This course provides opportunities to integrate assembly modeling principles to graphically communicate information about mechanical products. Students will analyze and evaluate the assembly and functionality of mechanical products using solid modeling applications. Attention will be given to advanced topics relevant to the application and interpretation of dimensioning and tolerancing will pertinent to manufactured products. Prerequisite: GCS 224. (S;SS)

GCS 242. Flexography I Credit 3(2-2)
This course is designed to develop proficiency in flexographic printing and design. Students will be introduced to flexographic layout, film preparation, plate exposing and mounting, presswork and converting. Flexographic package design will be explored and students will receive hands-on experience in designing die lines, and preparing graphics to meet customer requirements. Prerequisite: GCS  181. (F;S;SS)

GCS 243. Screen Printing Technology Credit 3(2-2)
This course provides broad and thorough knowledge and skills to transfer images through a stencil onto a substrate. Techniques of image design, screen preparation, screen exposing, and screenprinting will be studied. Students will gain hands-on laboratory experience in screen printing paper and textile substrates. Prerequisite: GCS 181. (F;S;SS)

GCS 285. Digital Image Editing Credit 3(2-2)
This course covers the use of digital graphic techniques to create and manipulate photographic and other raster graphic images. Digital imaging techniques through the use of photo manipulation software for web and print are explored. Prerequisite: GCS 181 or Consent of Instructor. (S;SS)

GCS 286. Technical Illustration Credit 3(2-2)
The principles of graphic design, including design process, color, type and art components are discussed. Techniques for representing visual ideas, editing paths, and exporting illustration artwork for print production and web design are explored. Prerequisite: GCS 181 or Consent of Instructor. (S;SS)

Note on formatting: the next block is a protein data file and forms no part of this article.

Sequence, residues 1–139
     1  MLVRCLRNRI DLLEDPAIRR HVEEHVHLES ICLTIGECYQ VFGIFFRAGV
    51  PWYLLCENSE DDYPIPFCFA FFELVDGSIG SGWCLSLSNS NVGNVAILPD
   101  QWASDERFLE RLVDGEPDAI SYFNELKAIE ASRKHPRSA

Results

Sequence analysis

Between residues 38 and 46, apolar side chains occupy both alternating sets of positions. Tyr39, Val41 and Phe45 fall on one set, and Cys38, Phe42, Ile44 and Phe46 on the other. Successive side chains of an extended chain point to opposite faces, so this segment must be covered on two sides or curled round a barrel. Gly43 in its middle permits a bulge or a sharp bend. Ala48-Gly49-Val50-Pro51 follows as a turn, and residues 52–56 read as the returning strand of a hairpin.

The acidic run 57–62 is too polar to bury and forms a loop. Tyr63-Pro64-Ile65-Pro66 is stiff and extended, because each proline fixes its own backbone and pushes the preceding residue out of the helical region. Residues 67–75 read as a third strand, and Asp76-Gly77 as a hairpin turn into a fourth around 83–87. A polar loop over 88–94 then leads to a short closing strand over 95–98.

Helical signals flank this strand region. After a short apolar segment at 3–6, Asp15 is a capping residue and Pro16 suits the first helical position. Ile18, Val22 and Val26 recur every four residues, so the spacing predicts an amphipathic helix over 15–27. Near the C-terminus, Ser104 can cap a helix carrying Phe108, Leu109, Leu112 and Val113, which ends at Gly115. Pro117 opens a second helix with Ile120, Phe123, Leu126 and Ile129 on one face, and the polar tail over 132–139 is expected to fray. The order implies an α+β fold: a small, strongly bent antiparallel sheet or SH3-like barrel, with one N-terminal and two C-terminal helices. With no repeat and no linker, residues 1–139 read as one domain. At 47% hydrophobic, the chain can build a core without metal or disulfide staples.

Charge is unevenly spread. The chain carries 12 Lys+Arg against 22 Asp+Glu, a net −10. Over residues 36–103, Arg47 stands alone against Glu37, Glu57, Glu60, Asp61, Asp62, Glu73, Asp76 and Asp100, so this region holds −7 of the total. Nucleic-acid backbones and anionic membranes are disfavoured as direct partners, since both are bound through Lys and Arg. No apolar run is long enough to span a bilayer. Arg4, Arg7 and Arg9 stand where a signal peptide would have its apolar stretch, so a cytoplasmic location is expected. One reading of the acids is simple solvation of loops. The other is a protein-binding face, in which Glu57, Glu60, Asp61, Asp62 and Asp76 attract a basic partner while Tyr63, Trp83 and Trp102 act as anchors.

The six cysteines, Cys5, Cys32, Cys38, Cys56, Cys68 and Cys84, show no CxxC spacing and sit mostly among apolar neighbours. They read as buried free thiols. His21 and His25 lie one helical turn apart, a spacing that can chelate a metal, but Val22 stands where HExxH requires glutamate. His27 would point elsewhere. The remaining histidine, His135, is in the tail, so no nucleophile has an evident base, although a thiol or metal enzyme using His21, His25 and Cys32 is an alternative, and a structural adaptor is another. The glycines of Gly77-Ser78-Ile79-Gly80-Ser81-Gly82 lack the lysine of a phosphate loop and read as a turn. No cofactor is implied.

GCS 320. Architectural Design Drafting Credit 3(3-0)
This course addresses basic design principles and construction processes relevant to architectural structures. Site development, operational and structural systems, material specifications, building codes and construction processes and procedures will be addressed. The course will introduce learners to sustainable design concepts and building information modeling (BIM) technology. Prerequisite: GCS 122. (S)

GCS 321. Digital Architecture Credit 3(2-2)
This course provides advanced techniques in the development of architectural presentation using photography, multimedia and digital video. This course is for students interested in creative methods and techniques for architectural presentation. Prerequisite: GCS 223. (F;SS)

GCS 322. Architectural Animation and Rendering Credit 3(2-2)
In this course students participate in developing animations, interior and exterior renderings of buildings and the built environments.  Emphasis is placed on 3D animation creativity and rendering technology. Prerequisites: GCS 321. (F;SS)

GCS 323. Structural and Schematic Design Credit 3(2-2)
Given the structural and schematic design of a building, students will prepare both the structural plan and the shop details necessary for the fabrication of the structural members. Students will also study pipe fittings, symbols, specifications and their applications to a piping process system. Emphasis will be placed on the graphic representation of electrical, mechanical, structural and piping devices found in manufacturing and building construction. Prerequisite: Junior Standing or Consent of Instructor. (F;S)

GCS 324. Technical and Mechanical Graphic Applications Credit 3(3-0)